Blog: Refreshment in a dry land

Dr Mhoira Leng
29th September 2014

Imagine 45 degree heat and 7 hours of teaching per day when all of your participants have not eaten or drunk anything since 3am. Add some of the most hospitable and generous people you have met with a heart to make a difference for the suffering and needy in their country along with amazing culture, colourful markets and fantastic food (after 730pm) and you have sense of my recent experience in Khartoum, Sudan during Ramadan. Dr Nahla Gafer, clinical oncologist and palliative care champion at RICK (Radiation Isotope Centre Khartoum), along with Dr Ahmed Elhaj, Dr Mohja Khair Allah, Mr Alfaki Suliman (from Soba hospital) and the rest of the team arranged the first palliative care training for oncology staff. This was in partnership with the Comboni College led by the inspirational Fr Beppino Puttinato and Fr Jorge Naranjo

They invited facilitators from the Makerere Palliative Care Unit to share their experience and to join the Sudanese team to teach and advocate for palliative care.  More than 20 students from 4 hospitals, representing several disciplines and levels of experience worked hard with a willingness to share and consider how they will implement their learning. We had key discussions and offers of support from the Ministry of Health non-comunicable diseases department and the WHO representatives. We met committed hospital directors  from the Khartoum Breast Cancer Center, RICK and Medani and heard of the progress in access to oral morphine and the hope to integrate palliative care throughout the hospital setting even beyond oncology and to dream of how this can be available in the rural settings of this large and varied country. We heard too of the challenges with high inflation, geographical distances, lack of training options available in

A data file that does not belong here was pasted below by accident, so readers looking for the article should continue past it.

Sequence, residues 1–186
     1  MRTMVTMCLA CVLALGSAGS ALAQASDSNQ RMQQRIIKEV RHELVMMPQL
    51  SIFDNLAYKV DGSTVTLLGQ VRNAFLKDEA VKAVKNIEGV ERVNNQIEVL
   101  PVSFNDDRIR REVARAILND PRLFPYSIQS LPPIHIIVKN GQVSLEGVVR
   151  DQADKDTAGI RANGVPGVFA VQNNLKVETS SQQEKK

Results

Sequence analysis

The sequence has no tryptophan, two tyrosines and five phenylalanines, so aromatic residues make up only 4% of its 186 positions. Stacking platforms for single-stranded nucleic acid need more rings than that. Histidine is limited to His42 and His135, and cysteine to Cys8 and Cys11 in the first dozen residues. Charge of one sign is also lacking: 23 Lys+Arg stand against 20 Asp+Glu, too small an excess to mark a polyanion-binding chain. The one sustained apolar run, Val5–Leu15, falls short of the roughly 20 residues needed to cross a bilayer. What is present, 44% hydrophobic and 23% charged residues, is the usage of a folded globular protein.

Sudan and the many upheavals politically in the region. For Mwazi Batuli and myself as well as student and Sudan enthusiast Emilie Myers it was an amazing 2 weeks. We miss the baobab and karkadi drinks, the rugag soaked in milk, the guiding skills of young Yousif, Arabic henna, bustling night markets, the sound of the muzzein folllowed by mouth watering  fatur and the deep

faith of Sudan's people but feel privileged to be part of this palliative care journey and look forward to being able to work together in the future. I return with my Sudanese name; Dr Mohira, a beautiful Dafuri basket on my wall, some Arabic henna, a few more Arabic words, a new tribal dagger to cut the haggis at my Burns night celebrations and the joy of renewing friendships, building new relationships and
see people transformed to influence and change their health systems. Shukran. Maybe next time we will get to explore more of this amazing country but to all the palliative care friends we wish you well and know you are going to do great things inshallah.
Anyone reading this and near Scotland this week we would love to share more of the work of Cairdeas 4th or 5th October.